President of the Irish Farmers Association Tim Cullinan has said farmers "have grave concerns" around plans to reduce carbon emissions and he has written to the Taoiseach highlighting the issue.
The Minister for the Environment will this week embark on a series of meetings with government colleagues to agree on sectoral targets for emissions reductions.
Specific targets which detail the cuts to be achieved have to be set by next month and will feed into the new Climate Action Plan.
Last year it was agreed that farm emissions will have to fall by between 22% and 30% to achieve Ireland's climate goals.
This latest round of meetings will decide on the specifics and the extent of the cut.
Mr Cullinan told RTÉ's Morning Ireland that a recent report by KPMG "clearly demonstrates" that reducing emissions by 30% will be a cost of almost €4bn to the sector or almost 58,000 jobs per annum.
He said farmers "fully realise the impact" and that emissions have to be reduced and "we all have to work on climate change".
"We are squaring this circle and already farmers have done quite a lot" and are following the measures that have been put forward by Teagasc, the Agriculture and Food Development Authority in particular, he said.
"But we need to find a balance here because you have climate change or your food production and you know we have to look at where the world is today compared to where it was even six months ago," he said.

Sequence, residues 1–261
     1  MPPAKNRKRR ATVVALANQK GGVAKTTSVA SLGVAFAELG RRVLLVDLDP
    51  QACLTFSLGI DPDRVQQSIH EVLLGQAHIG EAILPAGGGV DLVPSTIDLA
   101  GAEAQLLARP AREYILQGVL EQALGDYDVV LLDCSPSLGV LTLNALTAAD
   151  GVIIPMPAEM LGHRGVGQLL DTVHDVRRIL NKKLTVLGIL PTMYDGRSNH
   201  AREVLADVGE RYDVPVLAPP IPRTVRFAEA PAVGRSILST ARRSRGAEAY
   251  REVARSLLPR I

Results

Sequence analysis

Mr Cullinan said that he is very concerned about key points including the Government classifying biogenic methane as having "special characteristics" and what that means, regard for carbon leakage, the UN Framework Convention on Climate Change of 1992 and the Paris Agreement in 2015, which clearly demonstrate the importance of food production.
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He said there are new methods of applying fertiliser ensuring that the ammonia is not escaping into the atmosphere.
"We have to look at where the science is out at the moment as well that a lot of research is being done where animals are grazing, bovines are grazing, there is trials now to demonstrate those animals produce anything up to 30% less methane and more recently the EU Commission have approved a feed additive, which in turn will also reduce the amount of emissions," Mr Cullinan said.
Earlier this month the Environmental Protection Agency has said that urgent implementation of all climate plans and policies, plus further new measures, are needed for Ireland to meet the 51% emissions reduction target for 2030.
It said the challenge is particularly evident in agriculture, but all sectors need to do significantly more.